Bulldozers, Treasure Hunters Destroying Ancient Thracian Archaeological Sites in Bulgaria’s Satovcha Municipality
Construction bulldozers and treasure hunters have been destroying and raiding a large area of Ancient Thracian archaeological sites dating back as early as the 8th century BC in Satovcha Municipality, Blagoevgrad District, in Southwest Bulgaria.
The destruction is caused by construction firms working with bulldozers and excavators at stone quarries, which, however, are damaging not only the natural environment but also priceless historical heritage from archaeological sites found just beneath the surface, reports private Bulgarian TV channel bTV.
The report says that 2 years ago the destruction to the archaeological and historical heritage in the Satovcha Municipality was reported by two inspectors from Bulgaria’s Ministry of Culture, Atanas Koychev and Vasil Mutafov, to their supervisors.
“The bulldozers are destroying the thin soil layer, and unearthing mostly graves, necropolises with very rich graves. We have just seen some ancient graves that had been busted only recently, and there are still pieces from the buried man’s war helmet and bronze greaves as well as his broken bones,” Mutafov is quoted as saying.
In his words, the damaged necropolises and their archaeological inventory date back to the 8th century BC; at the same time, the area where bulldozers have been used to dig up ancient finds is really huge, reaching 125 square kilometers.
“Enormous abuses and damages have been done there [to the archaeological heritage],” adds Mutafov who suggested that the Ministry of Culture stage an emergency inspection of the area in Satovcha Municipality, and to organize rescue archaeological excavations immediately.
However, no inspection was ever started, and the only result from Mutafov’s suggestion was that he got himself fired. What is more, Bulgaria’s Ministry of Culture has denied to have ever been alerted about any damages caused to archaeological sites in Satovcha Municipality.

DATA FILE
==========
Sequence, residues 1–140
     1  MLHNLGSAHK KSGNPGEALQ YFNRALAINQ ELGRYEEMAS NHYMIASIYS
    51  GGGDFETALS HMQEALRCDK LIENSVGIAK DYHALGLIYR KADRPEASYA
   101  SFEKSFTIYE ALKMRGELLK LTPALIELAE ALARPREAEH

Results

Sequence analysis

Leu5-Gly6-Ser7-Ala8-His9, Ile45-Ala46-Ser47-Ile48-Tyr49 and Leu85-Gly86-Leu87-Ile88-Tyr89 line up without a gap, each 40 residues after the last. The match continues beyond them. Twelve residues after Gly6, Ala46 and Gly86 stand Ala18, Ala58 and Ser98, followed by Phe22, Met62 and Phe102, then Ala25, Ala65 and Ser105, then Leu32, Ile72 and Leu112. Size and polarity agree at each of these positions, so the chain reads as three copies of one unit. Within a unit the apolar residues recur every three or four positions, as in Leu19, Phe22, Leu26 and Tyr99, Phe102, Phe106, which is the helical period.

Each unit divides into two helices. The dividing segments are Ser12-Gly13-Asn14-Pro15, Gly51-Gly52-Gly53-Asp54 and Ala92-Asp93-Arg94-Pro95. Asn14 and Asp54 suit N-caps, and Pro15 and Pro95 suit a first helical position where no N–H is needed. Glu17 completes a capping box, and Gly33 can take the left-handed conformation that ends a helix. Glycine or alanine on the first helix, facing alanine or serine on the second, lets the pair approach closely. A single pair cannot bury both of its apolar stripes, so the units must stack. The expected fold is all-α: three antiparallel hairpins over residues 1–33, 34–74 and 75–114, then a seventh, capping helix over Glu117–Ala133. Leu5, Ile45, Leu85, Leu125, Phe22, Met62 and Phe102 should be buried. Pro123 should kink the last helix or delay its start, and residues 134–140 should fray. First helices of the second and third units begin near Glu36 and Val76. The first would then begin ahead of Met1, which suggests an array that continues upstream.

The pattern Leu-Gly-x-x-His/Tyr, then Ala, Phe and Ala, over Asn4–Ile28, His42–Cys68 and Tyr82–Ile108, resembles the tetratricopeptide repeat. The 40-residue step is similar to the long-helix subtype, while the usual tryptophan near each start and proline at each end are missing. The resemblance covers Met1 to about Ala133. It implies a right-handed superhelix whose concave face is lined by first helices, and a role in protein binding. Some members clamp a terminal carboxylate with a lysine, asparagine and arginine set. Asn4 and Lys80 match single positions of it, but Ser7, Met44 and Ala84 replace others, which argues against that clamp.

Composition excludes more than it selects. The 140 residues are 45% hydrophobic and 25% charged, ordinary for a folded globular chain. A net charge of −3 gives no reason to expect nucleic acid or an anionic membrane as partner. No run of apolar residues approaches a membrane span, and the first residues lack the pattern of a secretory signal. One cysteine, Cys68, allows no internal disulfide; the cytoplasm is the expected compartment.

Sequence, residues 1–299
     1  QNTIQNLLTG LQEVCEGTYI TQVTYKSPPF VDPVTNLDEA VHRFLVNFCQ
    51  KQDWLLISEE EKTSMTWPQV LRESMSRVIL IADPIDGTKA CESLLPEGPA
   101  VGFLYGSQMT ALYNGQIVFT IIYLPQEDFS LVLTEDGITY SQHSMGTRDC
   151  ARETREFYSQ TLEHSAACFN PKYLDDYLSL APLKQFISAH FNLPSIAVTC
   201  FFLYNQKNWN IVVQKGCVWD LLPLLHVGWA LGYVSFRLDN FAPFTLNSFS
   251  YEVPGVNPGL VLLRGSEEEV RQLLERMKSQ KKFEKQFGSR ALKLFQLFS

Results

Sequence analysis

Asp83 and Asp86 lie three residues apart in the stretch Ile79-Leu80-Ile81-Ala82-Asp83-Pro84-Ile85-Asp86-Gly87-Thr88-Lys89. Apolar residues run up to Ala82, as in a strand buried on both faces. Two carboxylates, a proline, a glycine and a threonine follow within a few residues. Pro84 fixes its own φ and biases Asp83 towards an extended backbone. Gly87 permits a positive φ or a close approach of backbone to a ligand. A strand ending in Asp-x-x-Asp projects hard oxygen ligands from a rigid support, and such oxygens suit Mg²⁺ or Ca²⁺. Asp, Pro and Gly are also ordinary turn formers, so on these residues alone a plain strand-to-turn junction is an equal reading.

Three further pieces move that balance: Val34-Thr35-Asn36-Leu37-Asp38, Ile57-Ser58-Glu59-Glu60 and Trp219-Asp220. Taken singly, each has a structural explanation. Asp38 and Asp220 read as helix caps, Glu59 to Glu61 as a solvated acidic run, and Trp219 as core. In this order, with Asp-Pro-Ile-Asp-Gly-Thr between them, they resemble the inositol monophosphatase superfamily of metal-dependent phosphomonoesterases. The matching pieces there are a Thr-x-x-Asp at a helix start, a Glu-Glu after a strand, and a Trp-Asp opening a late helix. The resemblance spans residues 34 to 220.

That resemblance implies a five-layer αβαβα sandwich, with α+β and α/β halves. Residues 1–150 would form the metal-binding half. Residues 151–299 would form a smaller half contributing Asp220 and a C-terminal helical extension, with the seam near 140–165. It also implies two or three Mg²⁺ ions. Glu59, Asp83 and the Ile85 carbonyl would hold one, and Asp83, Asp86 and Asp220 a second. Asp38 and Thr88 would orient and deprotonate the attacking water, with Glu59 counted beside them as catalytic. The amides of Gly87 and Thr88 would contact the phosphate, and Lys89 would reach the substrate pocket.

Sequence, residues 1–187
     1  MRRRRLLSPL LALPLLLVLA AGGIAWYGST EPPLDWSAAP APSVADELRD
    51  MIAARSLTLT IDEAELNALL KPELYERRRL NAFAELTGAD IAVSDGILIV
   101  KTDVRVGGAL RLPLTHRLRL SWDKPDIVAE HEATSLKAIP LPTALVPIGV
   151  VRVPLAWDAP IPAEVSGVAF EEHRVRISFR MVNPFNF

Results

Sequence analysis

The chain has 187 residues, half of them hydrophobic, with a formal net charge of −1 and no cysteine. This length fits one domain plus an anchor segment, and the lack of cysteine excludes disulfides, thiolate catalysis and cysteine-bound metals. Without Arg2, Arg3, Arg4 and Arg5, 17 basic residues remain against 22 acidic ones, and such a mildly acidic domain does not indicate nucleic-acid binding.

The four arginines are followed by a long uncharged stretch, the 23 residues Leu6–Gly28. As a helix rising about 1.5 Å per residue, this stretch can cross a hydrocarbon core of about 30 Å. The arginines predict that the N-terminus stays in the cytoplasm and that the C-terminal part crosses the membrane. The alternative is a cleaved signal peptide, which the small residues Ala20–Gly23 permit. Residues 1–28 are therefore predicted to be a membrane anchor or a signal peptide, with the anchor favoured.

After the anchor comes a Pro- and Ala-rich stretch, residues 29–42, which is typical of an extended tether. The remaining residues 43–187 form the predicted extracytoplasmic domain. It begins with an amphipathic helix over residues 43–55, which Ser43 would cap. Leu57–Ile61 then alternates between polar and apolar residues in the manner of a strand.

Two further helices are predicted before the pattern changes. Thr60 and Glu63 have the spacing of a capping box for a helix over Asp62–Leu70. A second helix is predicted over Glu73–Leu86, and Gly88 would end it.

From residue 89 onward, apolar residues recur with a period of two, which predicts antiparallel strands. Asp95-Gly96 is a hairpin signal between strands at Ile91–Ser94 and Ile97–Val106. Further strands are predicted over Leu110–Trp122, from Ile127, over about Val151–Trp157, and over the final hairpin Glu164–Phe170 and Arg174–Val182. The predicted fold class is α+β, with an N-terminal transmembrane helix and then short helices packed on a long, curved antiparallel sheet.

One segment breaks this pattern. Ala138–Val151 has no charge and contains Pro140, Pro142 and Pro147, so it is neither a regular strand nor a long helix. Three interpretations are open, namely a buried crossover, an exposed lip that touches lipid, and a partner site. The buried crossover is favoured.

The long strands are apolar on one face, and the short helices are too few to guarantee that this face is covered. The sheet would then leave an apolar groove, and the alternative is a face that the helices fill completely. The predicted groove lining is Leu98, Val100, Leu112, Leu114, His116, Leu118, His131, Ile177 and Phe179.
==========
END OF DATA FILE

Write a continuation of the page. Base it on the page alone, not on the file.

The team of Bulgaria’s National Museum of History in Sofia is fully aware that the place in Satovcha where there are stone quarries, which are said to be actually illegal, also harbors major archaeological remains.
“Apparently, there used to be [civilized] life there since the earliest times; it can be expected that there are other sites there as well, for example, settlements, and not just necropolises,” explains Dr. Lyubava Georgieva, chief curator of the Archaeology Department of the National Museum of History in Sofia.
The Museum itself has in its collection unique archaeological artifacts such as Thracian war helmets and greaves, bracelets, necklaces, and fibulas which originated from the said sites in Satovcha Municipality.
Those, however, have not been discovered through proper archaeological excavations but have been brought to the Museum by the Bulgarian police, namely, the Main Directorate for Combating Organized Crime (GDBOP).